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The Top 9 Electrical Panel Types at Risk for Safety Issues: A Comprehensive Guide for South Florida Residents
Electrical Panel Types

For Treasure Coast or South Florida residents living in older homes or business premises constructed before 1990, the safety of their electrical panels is a critical concern. Outdated electrical panels can pose significant safety risks, potentially leading to fires and other hazards. In this guide, we'll explore nine types of electrical panels commonly found in older properties in both the Treasure Coast as well as South Florida, that are at risk for safety issues.

Electrical panels contain fuses or circuit breaker safety devices that trip and shut off the power when too much electricity flows through them. This helps avoid fires triggered by overheating wires. Yet many Florida homes and businesses have old, outdated panels that might not perform as intended, leaving them susceptible to a fire.

Identifying Unsafe Electrical Panels:

Federal Pacific Electric (FPE) Panels: Manufactured from the 1950s to the 1980s, FPE panels are notorious for their failure to trip during short circuits or overloads. This failure has resulted in numerous fires across the United States, including Florida. 

These circuit breakers fail to trip when you experience a short circuit or circuit overload. This problem has led to thousands of fires across the United States, including Florida. In addition, there are numerous reports that FPE circuits in the off position still send power to the circuit. This can produce electrocution when working on a circuit you believe to be off.

The manufacturer’s name, Federal Pacific Electric, appears on the cover of your breaker box. Inside, look for the circuit Breaker brand name, Stab-Loc.

Zinsco Panels: Like FPE panels, Zinsco panels were prevalent in mid-20th-century homes. These panels are associated with safety issues such as circuit breakers failing to trip, leading to overheating and fire hazards.

Pushmatic Panels - Pushmatic panels, also popular in the 1950s through the 1980s, feature a unique push-to-reset mechanism for circuit breakers. However, these panels are prone to jamming, preventing breakers from properly tripping in the event of an overload or short circuit.

Fuse Boxes - While not as common in modern installations, older homes may still have fuse boxes. Fuse boxes are susceptible to safety issues if improperly maintained or if fuses of incorrect amperage are installed. Overloading a circuit or using the wrong fuse size can lead to overheating and fire risks.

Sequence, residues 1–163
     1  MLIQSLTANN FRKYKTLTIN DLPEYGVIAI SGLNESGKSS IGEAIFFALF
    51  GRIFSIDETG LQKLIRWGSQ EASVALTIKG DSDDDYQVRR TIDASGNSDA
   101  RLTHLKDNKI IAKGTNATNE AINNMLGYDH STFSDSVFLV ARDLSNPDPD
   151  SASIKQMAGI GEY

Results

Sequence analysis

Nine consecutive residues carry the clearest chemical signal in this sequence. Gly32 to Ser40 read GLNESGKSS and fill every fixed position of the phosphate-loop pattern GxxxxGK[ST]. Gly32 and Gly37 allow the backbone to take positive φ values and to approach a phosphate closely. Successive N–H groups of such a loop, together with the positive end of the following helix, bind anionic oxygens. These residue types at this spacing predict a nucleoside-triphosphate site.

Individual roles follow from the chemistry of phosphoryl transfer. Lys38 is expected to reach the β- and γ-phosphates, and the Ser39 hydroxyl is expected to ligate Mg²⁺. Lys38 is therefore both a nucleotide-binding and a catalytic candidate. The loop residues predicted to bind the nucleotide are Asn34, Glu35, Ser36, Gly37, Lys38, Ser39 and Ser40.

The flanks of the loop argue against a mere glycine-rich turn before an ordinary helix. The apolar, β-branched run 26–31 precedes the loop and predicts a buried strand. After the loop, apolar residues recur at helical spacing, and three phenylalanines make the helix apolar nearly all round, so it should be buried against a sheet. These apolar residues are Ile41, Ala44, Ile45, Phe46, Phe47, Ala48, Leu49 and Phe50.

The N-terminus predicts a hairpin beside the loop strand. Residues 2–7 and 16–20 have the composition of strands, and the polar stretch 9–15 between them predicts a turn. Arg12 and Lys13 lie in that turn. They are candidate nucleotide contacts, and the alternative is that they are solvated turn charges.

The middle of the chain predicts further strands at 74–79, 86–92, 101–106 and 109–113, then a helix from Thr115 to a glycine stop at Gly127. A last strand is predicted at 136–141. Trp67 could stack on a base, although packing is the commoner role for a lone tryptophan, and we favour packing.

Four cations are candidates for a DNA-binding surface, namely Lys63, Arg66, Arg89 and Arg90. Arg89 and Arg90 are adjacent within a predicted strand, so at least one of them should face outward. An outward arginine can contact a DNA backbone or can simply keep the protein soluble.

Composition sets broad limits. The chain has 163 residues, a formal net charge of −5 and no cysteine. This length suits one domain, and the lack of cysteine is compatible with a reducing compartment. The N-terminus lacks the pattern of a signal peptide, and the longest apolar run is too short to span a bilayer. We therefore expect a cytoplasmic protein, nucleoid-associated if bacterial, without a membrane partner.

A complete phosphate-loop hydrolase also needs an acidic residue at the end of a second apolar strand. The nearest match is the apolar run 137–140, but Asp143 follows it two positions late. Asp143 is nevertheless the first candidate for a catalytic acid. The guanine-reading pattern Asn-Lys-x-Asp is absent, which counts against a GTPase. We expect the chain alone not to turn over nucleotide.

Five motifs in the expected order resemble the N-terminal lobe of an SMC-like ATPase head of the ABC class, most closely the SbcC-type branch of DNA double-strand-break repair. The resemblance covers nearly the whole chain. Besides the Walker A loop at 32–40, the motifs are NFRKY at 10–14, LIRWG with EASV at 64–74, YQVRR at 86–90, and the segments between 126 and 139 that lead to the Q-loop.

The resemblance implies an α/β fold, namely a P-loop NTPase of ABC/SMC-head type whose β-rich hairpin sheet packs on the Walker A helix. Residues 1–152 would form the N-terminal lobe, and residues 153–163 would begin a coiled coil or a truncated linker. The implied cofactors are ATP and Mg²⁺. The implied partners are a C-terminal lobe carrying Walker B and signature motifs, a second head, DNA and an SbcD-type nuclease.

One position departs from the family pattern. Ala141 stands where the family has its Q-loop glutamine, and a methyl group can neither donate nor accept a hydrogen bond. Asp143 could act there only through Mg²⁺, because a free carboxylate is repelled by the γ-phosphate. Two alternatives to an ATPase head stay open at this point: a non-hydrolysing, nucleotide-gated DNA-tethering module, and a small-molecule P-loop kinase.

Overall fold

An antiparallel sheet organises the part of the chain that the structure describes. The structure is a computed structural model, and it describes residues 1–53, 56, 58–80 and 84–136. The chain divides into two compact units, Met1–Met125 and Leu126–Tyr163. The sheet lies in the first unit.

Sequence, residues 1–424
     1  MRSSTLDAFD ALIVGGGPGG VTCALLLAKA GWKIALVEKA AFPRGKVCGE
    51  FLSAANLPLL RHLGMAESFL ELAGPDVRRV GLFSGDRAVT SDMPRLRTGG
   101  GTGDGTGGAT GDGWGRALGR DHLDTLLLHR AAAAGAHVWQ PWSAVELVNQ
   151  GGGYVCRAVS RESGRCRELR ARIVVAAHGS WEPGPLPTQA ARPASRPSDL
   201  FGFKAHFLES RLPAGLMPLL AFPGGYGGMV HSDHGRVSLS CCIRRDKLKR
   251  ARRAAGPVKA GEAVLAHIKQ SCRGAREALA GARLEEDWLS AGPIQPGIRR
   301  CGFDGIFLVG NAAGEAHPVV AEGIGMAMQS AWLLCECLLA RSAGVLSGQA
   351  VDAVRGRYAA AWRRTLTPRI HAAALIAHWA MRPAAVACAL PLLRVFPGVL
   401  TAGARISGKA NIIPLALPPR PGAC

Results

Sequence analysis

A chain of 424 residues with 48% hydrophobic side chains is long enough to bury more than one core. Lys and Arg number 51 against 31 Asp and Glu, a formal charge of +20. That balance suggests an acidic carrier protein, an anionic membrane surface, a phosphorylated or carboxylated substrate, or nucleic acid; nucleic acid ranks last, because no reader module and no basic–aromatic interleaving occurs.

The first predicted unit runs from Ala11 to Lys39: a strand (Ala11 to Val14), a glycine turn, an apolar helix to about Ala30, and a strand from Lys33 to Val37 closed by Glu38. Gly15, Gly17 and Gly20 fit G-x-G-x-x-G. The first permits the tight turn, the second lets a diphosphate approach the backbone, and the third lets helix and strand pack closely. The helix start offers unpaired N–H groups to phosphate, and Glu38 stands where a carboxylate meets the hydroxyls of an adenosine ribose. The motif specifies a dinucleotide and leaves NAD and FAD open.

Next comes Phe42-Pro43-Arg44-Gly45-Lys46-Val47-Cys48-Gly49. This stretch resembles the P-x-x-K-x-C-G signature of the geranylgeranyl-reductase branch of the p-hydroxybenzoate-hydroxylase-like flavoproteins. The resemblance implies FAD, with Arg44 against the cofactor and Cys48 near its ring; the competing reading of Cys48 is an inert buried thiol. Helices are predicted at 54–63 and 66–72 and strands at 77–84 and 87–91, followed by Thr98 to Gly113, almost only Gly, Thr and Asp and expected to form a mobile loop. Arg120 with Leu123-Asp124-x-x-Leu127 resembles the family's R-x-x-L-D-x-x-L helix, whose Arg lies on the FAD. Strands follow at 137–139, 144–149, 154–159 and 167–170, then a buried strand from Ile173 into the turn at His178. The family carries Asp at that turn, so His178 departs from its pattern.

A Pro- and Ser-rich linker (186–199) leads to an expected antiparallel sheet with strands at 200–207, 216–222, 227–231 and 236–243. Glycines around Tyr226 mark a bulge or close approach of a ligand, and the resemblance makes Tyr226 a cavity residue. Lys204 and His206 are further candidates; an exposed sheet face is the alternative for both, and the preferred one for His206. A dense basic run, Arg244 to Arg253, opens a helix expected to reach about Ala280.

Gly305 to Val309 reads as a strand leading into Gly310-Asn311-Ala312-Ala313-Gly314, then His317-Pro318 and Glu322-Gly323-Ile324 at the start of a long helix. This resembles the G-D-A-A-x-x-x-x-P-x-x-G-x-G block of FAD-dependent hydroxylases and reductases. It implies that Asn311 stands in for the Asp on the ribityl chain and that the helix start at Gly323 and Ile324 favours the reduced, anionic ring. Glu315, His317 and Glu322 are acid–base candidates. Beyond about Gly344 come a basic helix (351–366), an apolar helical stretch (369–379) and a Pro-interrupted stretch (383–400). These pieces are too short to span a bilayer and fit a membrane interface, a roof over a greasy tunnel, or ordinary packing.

Split-Bus Panels - Split-bus panels, also prevalent in homes built from the 1950s to the 1980s, feature multiple main breakers without a single main disconnect. This setup can lead to confusion during maintenance or emergency situations, potentially compromising safety.

Obsolete Panels -  Beyond specific brands, any outdated or obsolete electrical panel can pose safety risks. These panels may lack modern safety features, such as arc fault circuit interrupters (AFCIs) and ground fault circuit interrupters (GFCIs), increasing the likelihood of electrical hazards.

DIY Panels - Panels installed or modified by unqualified individuals are inherently risky. Improper wiring, inadequate protection, and substandard components can all contribute to safety issues, including electrical shocks and fires.

Water-Exposed Panels -  Panels located in damp or wet environments, such as basements, garages, or outdoor areas, are at risk of corrosion, short circuits, and electrical shocks. Proper waterproofing and insulation measures are essential to mitigate these hazards.

Overloaded Panels - Regardless of the panel type, overloading circuits with excessive electrical loads is a common safety concern. Overloaded circuits can overheat, leading to melted insulation, damaged wiring, and fire hazards.

To ensure the safety of your electrical system, regular inspections by qualified electricians are crucial, especially for properties with outdated panels. Upgrading to modern panels with advanced safety features is recommended to mitigate risks and prevent catastrophic incidents. Prioritizing electrical safety today can save lives and property tomorrow. Schedule an inspection today with The Go-To Home Service Experts at

The Top 9 Electrical Panel Types at Risk for Safety Issues: A Comprehensive Guide for South Florida Residents

At Emerald Home Services pride ourselves on our commitment to providing top-notch electrical and HVAC services to communities all around Southeastern Florida. But don't just take our word for it. Read on to see what our satisfied customers say about their experiences with us.